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In this latest consideration guide created to assist IT operators in which tools they choose for a range of different processes and activities, we’ve gathered a range of insights from some of our favourite specialists to take you through the essentials tools of configuration management.


What Is Configuration Management?

Configuration management is a systems engineering practise that ensures consistency of the configuration supporting both software and hardware of a company or product.

All changes to assets that fall under this infrastructure are tracked to provide a single source of truth to anyone overseeing the project at hand. Configuration management is often heavily reliant on automation to achieve the necessary consistency across systems, resources, servers and any other known assets.

What Are Configuration Management Tools?

Configuration management tools help speed up changes and deployments. They even make processes repeatable, scalable, and predictable. It helps maintain the desired state on the changes, which brings the controlled assets into an expected state.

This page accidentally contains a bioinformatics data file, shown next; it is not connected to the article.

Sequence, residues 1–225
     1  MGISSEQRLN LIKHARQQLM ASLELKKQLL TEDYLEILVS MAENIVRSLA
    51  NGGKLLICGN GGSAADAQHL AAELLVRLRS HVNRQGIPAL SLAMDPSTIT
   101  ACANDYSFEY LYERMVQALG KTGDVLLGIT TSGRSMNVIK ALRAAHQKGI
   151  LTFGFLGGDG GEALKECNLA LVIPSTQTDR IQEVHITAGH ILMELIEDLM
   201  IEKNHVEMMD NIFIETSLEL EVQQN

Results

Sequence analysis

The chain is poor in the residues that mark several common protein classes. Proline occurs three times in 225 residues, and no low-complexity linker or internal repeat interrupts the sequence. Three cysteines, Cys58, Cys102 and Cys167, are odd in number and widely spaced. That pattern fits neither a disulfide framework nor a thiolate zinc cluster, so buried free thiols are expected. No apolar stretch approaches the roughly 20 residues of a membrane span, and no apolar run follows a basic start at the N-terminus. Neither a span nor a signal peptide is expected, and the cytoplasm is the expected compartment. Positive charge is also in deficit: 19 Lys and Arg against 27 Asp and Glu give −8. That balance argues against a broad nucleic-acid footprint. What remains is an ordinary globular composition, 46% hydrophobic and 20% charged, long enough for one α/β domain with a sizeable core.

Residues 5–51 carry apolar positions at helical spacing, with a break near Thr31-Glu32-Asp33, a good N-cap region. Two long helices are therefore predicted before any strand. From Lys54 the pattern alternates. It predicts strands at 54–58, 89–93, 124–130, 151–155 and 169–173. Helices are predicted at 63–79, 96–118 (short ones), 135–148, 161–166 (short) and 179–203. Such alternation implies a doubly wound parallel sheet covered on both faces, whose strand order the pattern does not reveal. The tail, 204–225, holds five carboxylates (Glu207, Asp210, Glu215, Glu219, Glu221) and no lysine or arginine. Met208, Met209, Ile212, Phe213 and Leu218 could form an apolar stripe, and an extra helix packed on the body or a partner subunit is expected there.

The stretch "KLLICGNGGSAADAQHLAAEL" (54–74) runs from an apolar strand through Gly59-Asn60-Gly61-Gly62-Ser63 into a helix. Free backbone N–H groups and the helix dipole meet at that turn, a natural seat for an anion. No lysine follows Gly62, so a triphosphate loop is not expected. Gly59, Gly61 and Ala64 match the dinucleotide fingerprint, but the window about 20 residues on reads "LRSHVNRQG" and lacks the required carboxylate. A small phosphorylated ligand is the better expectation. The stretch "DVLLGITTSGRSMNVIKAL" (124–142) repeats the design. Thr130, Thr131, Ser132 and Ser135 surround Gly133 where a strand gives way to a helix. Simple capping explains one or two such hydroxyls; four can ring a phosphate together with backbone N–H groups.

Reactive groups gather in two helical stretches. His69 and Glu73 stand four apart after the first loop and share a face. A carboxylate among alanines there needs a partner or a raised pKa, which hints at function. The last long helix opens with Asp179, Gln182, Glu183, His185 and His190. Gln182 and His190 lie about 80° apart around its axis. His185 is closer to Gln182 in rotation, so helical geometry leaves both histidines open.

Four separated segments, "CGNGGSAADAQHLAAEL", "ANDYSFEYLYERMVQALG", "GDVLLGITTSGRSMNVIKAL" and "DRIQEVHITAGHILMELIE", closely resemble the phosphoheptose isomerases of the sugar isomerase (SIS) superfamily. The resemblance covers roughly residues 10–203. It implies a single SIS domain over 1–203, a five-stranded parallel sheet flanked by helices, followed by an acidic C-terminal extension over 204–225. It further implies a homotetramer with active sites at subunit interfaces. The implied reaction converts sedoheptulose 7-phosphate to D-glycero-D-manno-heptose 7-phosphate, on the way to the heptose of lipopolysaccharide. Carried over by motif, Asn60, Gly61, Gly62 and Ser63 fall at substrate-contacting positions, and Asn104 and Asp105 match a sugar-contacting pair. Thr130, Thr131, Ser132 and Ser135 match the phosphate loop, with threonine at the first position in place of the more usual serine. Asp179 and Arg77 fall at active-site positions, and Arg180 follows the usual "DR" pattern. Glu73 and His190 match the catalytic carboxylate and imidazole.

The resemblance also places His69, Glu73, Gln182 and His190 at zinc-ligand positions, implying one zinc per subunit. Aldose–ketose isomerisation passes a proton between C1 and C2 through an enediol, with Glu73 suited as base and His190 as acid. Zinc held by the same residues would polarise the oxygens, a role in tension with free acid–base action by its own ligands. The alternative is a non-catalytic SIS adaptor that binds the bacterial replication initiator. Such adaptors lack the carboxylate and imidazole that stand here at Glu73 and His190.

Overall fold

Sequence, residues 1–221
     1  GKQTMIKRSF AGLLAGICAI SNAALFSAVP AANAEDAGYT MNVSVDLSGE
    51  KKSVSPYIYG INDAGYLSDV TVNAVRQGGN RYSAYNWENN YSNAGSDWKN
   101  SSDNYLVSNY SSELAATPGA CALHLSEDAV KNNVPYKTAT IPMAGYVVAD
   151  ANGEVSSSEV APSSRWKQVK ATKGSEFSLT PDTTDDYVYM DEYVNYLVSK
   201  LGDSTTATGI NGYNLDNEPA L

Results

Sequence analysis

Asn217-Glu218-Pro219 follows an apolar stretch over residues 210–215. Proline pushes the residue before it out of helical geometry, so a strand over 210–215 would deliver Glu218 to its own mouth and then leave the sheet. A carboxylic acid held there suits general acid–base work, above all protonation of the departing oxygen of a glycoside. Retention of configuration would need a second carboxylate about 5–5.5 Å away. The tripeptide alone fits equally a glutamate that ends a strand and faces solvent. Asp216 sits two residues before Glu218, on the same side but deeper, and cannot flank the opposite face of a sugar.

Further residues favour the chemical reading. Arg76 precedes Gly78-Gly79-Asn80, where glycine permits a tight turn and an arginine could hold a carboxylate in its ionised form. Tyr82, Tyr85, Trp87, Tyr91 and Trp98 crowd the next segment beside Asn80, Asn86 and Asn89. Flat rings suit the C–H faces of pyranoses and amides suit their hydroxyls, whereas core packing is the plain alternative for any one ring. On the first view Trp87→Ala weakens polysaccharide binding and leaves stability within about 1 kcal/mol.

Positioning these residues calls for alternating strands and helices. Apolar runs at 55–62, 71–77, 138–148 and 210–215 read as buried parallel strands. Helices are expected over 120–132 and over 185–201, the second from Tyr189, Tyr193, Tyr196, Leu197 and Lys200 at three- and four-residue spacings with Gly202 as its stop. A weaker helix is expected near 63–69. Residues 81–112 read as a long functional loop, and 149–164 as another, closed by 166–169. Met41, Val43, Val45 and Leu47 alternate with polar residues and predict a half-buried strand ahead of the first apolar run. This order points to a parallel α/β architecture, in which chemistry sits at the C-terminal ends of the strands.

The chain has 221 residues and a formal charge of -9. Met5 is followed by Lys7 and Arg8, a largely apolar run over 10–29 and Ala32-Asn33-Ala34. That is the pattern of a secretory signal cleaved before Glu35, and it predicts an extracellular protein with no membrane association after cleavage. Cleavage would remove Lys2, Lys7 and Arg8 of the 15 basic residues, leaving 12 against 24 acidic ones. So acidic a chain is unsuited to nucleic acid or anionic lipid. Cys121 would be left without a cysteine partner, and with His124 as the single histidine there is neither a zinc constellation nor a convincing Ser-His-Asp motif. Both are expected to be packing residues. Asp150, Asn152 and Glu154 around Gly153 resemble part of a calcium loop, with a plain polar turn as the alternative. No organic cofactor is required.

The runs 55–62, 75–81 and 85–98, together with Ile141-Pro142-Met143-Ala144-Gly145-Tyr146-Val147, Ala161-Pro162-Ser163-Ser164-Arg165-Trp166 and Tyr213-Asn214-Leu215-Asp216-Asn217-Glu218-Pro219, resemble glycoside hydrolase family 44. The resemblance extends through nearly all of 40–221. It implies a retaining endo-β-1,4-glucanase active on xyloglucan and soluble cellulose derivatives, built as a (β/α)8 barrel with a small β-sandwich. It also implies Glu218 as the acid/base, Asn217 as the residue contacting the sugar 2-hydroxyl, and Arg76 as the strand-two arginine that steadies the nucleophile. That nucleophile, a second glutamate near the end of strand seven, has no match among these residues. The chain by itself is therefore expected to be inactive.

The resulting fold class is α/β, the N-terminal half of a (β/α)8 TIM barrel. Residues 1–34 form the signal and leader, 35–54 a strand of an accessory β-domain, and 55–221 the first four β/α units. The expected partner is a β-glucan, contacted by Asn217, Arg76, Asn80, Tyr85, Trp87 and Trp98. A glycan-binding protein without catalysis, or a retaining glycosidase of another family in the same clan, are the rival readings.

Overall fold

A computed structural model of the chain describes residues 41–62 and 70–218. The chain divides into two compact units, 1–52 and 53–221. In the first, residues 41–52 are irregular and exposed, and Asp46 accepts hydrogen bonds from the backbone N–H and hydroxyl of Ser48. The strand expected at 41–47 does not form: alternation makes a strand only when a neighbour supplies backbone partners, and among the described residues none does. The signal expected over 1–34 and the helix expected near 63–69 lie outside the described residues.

Configuration management tools all provide a level of enforcement because these tools run often they can ensure your system is configured to the desired state in order to prevent drift.

Excess configuration drift can lead to an increased resolution time because you are more likely to be caught out by an unexpected package update or by live debugging being conducted by another member of your team, making it harder to pinpoint & resolve incidents within your operating environment. Your chosen configuration management tool should also aid your engineering team in cooperating as changes should be updated seamlessly across a centralised system once they are saved.